SHIN GODZILLA – or NEW GODZILLA, or TRUE GODZILLA, or GOD GODZILLA – is the new Japanese Godzilla movie, a regular rubber suit one even though it’s from acclaimed anime director Hideaki Anno (Neon Genesis Evangelion) (co-director Shinji Higuchi has worked on anime and live action and live action anime and did effects for the GAMERA trilogy). They’d stopped making Godzilla movies in Japan, I guess, but the recent American one by Gareth Edwards got them itching to start over again. So this is yet another do-over where they discover the King of the Monsters for the first time and he doesn’t have another monster to fight. He just has Tokyo.
There is plenty of computer animation, but also alot of the old rubber suit, animatronics and miniature models, sometimes deliberately, nostalgically old school. When Godzilla first emerges he’s in a comically fucked up form with crazy googly eyes, little nubs instead of arms and a chest that expands and contracts like an accordion. He evolves through several stages throughout the movie, so by the end he’s absorbing power and firing energy beams out of his spines like a laser show. And according to my research he is the tallest Godzilla ever, and the one with the longest, weirdest and most fucked up tail. But his eyes never quite stop looking like a turkey’s.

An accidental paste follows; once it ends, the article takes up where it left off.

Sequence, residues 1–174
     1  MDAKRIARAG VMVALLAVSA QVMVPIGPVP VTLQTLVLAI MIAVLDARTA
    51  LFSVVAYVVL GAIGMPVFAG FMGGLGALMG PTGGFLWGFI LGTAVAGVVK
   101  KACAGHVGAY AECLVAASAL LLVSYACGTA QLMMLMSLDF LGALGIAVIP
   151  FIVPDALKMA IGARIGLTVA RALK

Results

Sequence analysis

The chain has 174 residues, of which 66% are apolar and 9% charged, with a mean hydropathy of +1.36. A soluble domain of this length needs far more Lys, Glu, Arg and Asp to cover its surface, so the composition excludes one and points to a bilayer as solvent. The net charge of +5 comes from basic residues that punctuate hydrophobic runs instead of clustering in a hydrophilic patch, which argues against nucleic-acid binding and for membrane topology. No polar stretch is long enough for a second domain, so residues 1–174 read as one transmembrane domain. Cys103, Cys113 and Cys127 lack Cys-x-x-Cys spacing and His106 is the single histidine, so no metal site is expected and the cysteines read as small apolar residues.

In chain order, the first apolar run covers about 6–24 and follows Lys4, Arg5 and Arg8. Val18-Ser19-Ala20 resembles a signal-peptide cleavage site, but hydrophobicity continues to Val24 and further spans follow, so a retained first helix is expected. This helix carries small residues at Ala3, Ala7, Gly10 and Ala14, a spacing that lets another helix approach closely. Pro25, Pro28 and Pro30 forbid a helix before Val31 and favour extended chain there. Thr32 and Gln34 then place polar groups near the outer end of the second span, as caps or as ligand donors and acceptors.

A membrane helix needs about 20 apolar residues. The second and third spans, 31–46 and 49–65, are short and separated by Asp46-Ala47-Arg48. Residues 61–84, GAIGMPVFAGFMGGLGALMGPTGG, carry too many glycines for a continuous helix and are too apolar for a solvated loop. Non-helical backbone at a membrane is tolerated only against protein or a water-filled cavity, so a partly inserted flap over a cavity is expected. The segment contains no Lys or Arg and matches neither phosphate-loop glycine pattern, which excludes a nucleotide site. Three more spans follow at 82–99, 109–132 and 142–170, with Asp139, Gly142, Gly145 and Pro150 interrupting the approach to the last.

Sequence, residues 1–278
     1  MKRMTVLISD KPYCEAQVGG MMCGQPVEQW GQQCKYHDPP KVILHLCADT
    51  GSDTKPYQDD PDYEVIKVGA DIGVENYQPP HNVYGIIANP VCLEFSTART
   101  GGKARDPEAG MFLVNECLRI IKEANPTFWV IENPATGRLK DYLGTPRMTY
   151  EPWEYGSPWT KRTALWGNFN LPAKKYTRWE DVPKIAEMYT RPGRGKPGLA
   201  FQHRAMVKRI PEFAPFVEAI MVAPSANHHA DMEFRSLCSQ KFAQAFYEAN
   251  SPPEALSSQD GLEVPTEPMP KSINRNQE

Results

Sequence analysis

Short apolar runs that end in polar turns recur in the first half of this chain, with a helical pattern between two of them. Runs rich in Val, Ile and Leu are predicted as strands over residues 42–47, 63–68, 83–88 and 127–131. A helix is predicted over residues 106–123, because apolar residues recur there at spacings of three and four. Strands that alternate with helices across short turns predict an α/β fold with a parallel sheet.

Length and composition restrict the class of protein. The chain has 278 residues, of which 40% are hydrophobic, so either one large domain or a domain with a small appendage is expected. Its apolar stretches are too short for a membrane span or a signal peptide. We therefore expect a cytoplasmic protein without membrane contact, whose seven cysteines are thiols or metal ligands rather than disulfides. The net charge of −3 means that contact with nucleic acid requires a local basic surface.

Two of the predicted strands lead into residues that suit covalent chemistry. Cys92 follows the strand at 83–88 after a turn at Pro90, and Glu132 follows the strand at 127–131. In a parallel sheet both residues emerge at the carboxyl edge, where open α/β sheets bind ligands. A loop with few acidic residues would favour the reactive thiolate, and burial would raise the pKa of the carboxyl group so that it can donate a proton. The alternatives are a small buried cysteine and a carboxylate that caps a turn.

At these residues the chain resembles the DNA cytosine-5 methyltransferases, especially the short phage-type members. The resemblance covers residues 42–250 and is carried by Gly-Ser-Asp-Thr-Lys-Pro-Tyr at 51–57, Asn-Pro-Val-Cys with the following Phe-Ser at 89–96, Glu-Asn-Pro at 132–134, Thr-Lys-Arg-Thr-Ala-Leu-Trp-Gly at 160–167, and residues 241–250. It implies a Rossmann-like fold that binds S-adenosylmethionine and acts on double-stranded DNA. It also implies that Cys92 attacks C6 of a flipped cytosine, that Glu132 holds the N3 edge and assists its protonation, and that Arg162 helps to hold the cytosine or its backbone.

The monster attacks are great, but they’re actually a small percentage of the running time. That’s the reason I gotta assume some people will be horribly disappointed by SHIN GODZILLA, but it’s also the genius of it. This doesn’t seem like Toho Studios attempting to revive their franchise. It seems like them being laidback enough to let an artist riff on their movies. In a normal kaiju picture the monster attacks and then some bombers and tanks show up and some guys watch from a command center and some guys are in a lab or watching from a nearby field or hill. SHIN GODZILLA is about the processes and the bureaucracy that go into that response. The emergency meetings, committees, task forces, votes, press conferences, meetings about press conferences. Who hires those scientists? How do they get authorization to use the Self Defense Force against a creature? How do they get civilians out of the way? What do they tell the public?
They have to address the legality of mobilizing the military against Godzilla. Even when they get them there civilians are spotted and they have to go through a long chain of people before they call it off. They have to deal with evacuation, and gridlock from evacuating, with finding shelters and food for refugees, with running out of medical supplies. They can’t get American help because of the way the treaties work, then they end up having to navigate things for their interests when the U.S. and the U.N. take over command.